YPRES - What happens when two friends, both brewers, share a dream to establish a city brewery in the town of Ypres? And when their children are tugging at their sleeves, impatient to turn this dream into reality …? The answer is a gleaming brand-new brewery housed in the 'kazematten' ('casemates' or defence works), in Ypres.
The kazematten in question are located at ‘het Houten Paard’ (meaning the Wooden Horse), and were constructed around 1680. They are based on designs by Vauban, Louis XIV’s famed military engineer.
For centuries, these ‘souterrains’ were used for the storing of ammunition and weapons. Their military use continued into the 20th century. During the First World War they were converted into an officers’ mess by the British Army.
The notorious British Army newspaper, The Wipers Times – made for and by soldiers – was also printed here. Which naturally brings us to the subject of … beer.
Newspaper turns into beer
That's because one of the new brews from Brouwerij De Kazematten is named in honour of this irreverent war-time ‘trench gazette’. The name came about because British soldiers couldn't get their tongues around the name of the frontline town ‘Ypres’. Instead, the besieged Belgian town became known to them as 'Wipers'.
The newspaper they put together in 'Wipers' was full of jokes, black humour and poetry – and the frontline soldiers of Flanders couldn't get enough of it. It's a story that still fascinates. The BBC recently visited this location to shoot a TV film about everything that went on to produce this morale-boosting newspaper.
And now's there's the beer. There are to be three brews bearing this war-time newspaper's name. The first to be launched is the Wipers Times 14 (referencing its density of 14 degrees Plato), to be followed by the Wipers Times 16 and 18 (16° and 18° Plato respectively).
The Wipers Times 14 is a blonde, top-fermented speciality beer (6.2% ABV), brewed using four different grains, and hopped only using hops from the local area. It's also finished with four herbs – which brings us back to the connection with its 'underground' newspaper namesake. On the front page of the Wiper Times, as on the label of the beer, was a picture of the Blessed Thistle (or Maria thistle). This herb is said to have healing properties, and is now being used to give flavour to De Kazematten's new beers.
Santé, salut, tot later and merci!
It's not only the Brits' war-time newspaper that has gone underground here. The beer has done the same. The parent brewery, Sint-Bernardus, is the owner of the Grottenbier cave-matured brand, which was originally developed by Pierre Celis. He became world-famous as the creator of Belgian witbier Hoegaarden.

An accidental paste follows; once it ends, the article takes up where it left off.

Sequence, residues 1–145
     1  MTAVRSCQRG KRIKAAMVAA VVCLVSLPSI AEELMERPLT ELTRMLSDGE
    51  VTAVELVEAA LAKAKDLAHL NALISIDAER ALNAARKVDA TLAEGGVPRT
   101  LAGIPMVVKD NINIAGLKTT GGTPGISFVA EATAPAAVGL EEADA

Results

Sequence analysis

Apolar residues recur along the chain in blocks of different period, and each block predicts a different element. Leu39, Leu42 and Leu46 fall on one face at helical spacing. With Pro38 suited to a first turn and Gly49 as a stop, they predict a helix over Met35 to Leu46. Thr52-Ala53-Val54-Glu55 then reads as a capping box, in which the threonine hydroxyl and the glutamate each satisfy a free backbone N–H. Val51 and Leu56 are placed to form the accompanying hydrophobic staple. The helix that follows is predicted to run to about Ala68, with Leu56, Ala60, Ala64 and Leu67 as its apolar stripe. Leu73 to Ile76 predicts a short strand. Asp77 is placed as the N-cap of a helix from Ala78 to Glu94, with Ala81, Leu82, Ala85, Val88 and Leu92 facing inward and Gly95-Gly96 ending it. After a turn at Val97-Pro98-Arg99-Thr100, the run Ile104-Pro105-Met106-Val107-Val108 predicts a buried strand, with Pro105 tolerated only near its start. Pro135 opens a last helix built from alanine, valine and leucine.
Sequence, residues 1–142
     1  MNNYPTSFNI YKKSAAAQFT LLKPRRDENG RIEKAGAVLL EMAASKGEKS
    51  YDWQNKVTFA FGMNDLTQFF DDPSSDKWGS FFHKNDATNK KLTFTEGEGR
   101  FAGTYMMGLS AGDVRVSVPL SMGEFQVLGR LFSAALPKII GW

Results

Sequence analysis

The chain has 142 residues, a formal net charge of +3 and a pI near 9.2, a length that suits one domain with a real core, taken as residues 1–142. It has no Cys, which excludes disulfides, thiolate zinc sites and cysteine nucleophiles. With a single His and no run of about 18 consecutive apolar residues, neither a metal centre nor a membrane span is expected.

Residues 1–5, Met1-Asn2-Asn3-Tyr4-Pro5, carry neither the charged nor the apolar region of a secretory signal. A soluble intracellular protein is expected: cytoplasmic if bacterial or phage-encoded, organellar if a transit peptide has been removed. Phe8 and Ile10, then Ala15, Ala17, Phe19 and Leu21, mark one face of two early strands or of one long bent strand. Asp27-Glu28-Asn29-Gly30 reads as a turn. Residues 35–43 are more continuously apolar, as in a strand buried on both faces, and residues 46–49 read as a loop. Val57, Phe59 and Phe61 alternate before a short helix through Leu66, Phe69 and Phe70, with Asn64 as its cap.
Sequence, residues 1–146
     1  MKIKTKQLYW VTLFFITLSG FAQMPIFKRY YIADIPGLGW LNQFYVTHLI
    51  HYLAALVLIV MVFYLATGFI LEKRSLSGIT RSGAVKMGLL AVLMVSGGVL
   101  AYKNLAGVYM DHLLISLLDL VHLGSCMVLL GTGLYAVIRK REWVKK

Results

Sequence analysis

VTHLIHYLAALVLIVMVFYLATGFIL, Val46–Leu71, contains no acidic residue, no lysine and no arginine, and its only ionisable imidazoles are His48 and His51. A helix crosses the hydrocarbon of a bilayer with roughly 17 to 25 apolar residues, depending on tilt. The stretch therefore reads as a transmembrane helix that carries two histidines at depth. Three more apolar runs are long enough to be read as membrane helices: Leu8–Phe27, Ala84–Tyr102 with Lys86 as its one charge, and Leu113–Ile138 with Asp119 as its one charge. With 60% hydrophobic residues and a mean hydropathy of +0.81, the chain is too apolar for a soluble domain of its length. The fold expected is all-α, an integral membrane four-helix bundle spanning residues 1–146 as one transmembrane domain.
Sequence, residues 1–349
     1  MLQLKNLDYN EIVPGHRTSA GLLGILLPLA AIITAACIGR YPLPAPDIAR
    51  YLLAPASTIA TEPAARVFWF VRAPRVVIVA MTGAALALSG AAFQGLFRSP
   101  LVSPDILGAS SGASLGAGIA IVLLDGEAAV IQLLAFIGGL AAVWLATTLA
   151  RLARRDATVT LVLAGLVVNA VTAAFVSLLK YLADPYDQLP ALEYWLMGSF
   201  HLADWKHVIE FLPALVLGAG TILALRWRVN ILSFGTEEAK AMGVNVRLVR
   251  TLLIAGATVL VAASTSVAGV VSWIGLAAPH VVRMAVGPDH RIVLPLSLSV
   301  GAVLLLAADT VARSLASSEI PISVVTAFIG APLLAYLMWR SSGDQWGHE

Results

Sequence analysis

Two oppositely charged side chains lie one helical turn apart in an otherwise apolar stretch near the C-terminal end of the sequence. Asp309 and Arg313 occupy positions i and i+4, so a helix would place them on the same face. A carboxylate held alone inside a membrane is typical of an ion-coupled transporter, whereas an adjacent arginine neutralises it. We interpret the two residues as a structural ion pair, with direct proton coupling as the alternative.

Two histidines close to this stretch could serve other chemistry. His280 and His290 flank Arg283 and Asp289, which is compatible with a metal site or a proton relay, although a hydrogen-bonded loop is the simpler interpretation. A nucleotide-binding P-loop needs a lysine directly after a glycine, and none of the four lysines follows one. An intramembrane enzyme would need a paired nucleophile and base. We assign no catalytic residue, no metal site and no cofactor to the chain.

The Watou-based brewery has long been looking for the ideal environment to allow its Grottenbier beers to rest at a constant temperature. The traditional natural caves in Limburg are not an ideal solution, as these caverns lie some distance away from West Flanders.
But now a new option has arisen, making use of ‘caves’ formed by human hand: the Kazematten of Ypres. Starting this year, these much-storied fortifications have become the permanent location for a revamped Grottenbier brand. The beer brewed here is based on the original recipe, but with some changes. The Grottenbier name has been changed into Grotten Santé and the bottle has undergone a facelift. Grotten Santé is now a herbal, zesty beer with an alcohol-by-volume of 6.5%.
The addition of small amounts of ‘exotic’ herbs makes this beer slightly dry. Other beers are planned for this range, including the Grotten Santater, Grotten Salut, Grotten Tot Later and Grotten Merci. Santé - Santater – Salut - Tot Later and Merci: it does sound a little like the vocabulary used by an over-enthusiastic café-goer. No bad thing.
In the meantime, Sint Bernardus continues its co-operation with the marlstone caves in Kanne and Valkenburg, in producing the original Grottenbier.
The story of the new brewery is very much one of brewing families working in tandem, across the generations. The Kazematten brewery is in the joint hands of Julie Depypere, the daughter of Hans Depypere – who owns the Sint-Bernardus brewery – and of Maarten Ghequire, the son of Rudi Ghequire – who is the site manager for the Rodenbach brewery.
Julie has taken charge of the administration, whereas Maarten’s focus is on production, teaming up with house brewer Koen Hugelier. The Kazematten brewery beers will be distributed with logistic support from the Sint-Bernardus brewery in Watou. Brewing is done every day of the week in Ypres, with the beers transferred into barrels and matured onsite. The bottling and distribution is then managed by Sint-Bernardus in Watou.
If you're in Ypres, you can experience these new beers for yourself – and see what difference the Kazematten's low temperature makes to the Grottenbier’s maturation process – at the Kazematten Brasserie.
This café/restaurant is just one kilometre from the brewery itself – in the same Kazematten location, close to the Menin Gate – and opened its doors to the public one year ago. In this historic venue you can also taste all the beers offered by the Sint-Bernardus Brewery. The Brasserie is right next door to a local history museum that offers a permanent exhibition on the history of the kazematten in Ypres. So you can shift from supping the Wipers Times to reading all about it, in just one short hop, as it were.